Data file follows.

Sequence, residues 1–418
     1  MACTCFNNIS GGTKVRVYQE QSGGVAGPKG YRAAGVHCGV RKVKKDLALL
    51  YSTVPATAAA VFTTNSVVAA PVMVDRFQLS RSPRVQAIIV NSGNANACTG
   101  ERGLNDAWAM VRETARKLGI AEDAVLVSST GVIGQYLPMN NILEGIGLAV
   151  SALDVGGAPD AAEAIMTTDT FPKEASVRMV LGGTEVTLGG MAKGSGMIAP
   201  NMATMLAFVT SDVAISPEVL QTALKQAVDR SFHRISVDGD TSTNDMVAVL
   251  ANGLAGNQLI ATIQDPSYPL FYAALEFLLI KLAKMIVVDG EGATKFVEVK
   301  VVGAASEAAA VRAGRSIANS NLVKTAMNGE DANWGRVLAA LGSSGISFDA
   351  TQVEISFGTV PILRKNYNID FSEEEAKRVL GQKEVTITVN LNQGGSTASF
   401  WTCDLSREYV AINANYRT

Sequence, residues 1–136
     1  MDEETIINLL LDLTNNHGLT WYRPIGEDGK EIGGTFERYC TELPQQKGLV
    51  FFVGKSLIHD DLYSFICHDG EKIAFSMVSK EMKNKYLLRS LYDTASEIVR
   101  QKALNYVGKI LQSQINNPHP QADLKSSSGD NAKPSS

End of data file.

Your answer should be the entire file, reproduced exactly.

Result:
Sequence, residues 1–418
     1  MACTCFNNIS GGTKVRVYQE QSGGVAGPKG YRAAGVHCGV RKVKKDLALL
    51  YSTVPATAAA VFTTNSVVAA PVMVDRFQLS RSPRVQAIIV NSGNANACTG
   101  ERGLNDAWAM VRETARKLGI AEDAVLVSST GVIGQYLPMN NILEGIGLAV
   151  SALDVGGAPD AAEAIMTTDT FPKEASVRMV LGGTEVTLGG MAKGSGMIAP
   201  NMATMLAFVT SDVAISPEVL QTALKQAVDR SFHRISVDGD TSTNDMVAVL
   251  ANGLAGNQLI ATIQDPSYPL FYAALEFLLI KLAKMIVVDG EGATKFVEVK
   301  VVGAASEAAA VRAGRSIANS NLVKTAMNGE DANWGRVLAA LGSSGISFDA
   351  TQVEISFGTV PILRKNYNID FSEEEAKRVL GQKEVTITVN LNQGGSTASF
   401  WTCDLSREYV AINANYRT

Sequence, residues 1–136
     1  MDEETIINLL LDLTNNHGLT WYRPIGEDGK EIGGTFERYC TELPQQKGLV
    51  FFVGKSLIHD DLYSFICHDG EKIAFSMVSK EMKNKYLLRS LYDTASEIVR
   101  QKALNYVGKI LQSQINNPHP QADLKSSSGD NAKPSS